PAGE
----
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Simon Draper Wins His Library Judicial Review Against LCC

July 17th 2014

On July 8th and 9th at the High Court in London, Mr Justice Collins heard the case put by Mr Simon Draper against Lincolnshire County Council. LCC planned to cut its library service, initially by £2 million but in later plans by just under that amount, reducing the service to 15 static libraries and a series of volunteer-run "community hubs", whilst laying off librarians and reducing hundreds of mobile library stops.

The hearing was allowed on four grounds, and the result was announced on Thursday, 17th of July. The judge ruled in Mr Draper's favour on two grounds, that of LCC's failure to consult properly, and its failure to properly consider Greenwich Leisure's bid to run the library services. There's more on SLL's blog, including reactions from campaigners.

The county council's response has been more subdued. Richard Wills, Executive Director at LCC, said: “We are, of course, disappointed with the decision."

The county council have been dismissive of the needs and views of local people throughout this process. If the outcome had been anything other than a victory for Simon Draper, I would have lost faith in the justice system. As someone who took petitions and marched through Lincoln in support of the libraries, I couldn't be more pleased with this result. It's a victory for common sense and humanity.

What next?

The main problem now is that responding to this outcome is once again in the hands of LCC. They could opt to restore the library service to the way it was before the changes, which is possible given the £41 million surplus they didn't spend in the last financial year.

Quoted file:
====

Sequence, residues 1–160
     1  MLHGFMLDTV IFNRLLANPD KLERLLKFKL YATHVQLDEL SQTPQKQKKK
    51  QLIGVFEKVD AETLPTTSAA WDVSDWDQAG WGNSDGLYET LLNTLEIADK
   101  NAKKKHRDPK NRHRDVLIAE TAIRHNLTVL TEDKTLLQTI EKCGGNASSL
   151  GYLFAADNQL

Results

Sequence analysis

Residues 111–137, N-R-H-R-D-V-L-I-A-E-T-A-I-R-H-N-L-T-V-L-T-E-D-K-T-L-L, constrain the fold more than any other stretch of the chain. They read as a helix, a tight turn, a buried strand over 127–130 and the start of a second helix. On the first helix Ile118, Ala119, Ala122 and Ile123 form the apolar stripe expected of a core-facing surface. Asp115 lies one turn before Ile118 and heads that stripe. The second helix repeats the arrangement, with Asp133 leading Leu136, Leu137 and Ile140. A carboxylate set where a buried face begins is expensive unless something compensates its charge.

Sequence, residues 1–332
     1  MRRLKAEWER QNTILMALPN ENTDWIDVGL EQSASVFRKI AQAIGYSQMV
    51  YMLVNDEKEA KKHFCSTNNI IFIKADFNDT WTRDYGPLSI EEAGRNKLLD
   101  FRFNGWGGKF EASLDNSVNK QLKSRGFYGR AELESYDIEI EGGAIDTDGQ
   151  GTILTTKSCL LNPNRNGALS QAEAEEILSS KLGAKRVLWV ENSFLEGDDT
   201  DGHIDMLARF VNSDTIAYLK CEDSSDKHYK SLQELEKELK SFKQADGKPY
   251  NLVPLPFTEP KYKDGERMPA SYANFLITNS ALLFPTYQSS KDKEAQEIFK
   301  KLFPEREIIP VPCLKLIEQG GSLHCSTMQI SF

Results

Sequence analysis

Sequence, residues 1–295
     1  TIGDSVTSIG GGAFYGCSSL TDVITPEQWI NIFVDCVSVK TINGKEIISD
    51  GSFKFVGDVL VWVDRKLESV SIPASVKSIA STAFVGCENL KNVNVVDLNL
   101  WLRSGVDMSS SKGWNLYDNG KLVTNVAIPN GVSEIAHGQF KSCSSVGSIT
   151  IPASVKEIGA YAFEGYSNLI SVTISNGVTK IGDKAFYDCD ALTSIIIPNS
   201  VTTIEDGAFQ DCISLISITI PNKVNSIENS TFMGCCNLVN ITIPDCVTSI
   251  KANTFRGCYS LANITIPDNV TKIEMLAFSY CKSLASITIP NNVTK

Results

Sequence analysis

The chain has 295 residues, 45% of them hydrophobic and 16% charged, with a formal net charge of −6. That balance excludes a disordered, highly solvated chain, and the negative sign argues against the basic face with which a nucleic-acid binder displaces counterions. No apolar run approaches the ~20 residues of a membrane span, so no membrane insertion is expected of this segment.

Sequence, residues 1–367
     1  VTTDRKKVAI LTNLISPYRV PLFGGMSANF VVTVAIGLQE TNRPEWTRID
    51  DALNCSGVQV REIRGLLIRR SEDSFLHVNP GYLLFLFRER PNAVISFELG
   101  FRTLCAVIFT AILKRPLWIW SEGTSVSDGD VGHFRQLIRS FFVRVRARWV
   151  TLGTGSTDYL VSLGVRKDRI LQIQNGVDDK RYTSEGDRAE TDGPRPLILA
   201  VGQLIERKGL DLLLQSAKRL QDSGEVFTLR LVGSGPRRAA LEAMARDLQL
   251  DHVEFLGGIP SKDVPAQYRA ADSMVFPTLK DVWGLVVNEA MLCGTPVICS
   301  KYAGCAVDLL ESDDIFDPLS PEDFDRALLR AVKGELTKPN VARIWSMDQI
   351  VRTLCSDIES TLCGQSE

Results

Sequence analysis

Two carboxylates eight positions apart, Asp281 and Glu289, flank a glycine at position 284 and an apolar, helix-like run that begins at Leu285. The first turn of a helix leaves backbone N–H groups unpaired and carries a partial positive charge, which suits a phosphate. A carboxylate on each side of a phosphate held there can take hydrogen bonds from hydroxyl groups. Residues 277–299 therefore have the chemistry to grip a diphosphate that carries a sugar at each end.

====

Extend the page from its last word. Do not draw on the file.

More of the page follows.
But that's the optimistic view. Perhaps the council executive could also discover a love of reading, nurture literacy in young people, and promote reading as though they didn't think it was an eccentric activity that only luvvies indulge in. One of them could decide to read a book a day for a year, and another might come out as a ghostwriter for EL James.

I can dream.

What's more likely is that another period of consultation is on the cards. The proposal by Greenwich Leisure could also be back on the table.

I don't hold out a lot of hope for LCC's rehash of the consultation process, because they still show signs of just not getting it. Executive councillors continue to talk about saving money with regard to libraries, and this demonstrates that they don't understand that it's a false economy.

You can't save money by stripping a civilisation of its learning. You can only fuck everybody over.



 


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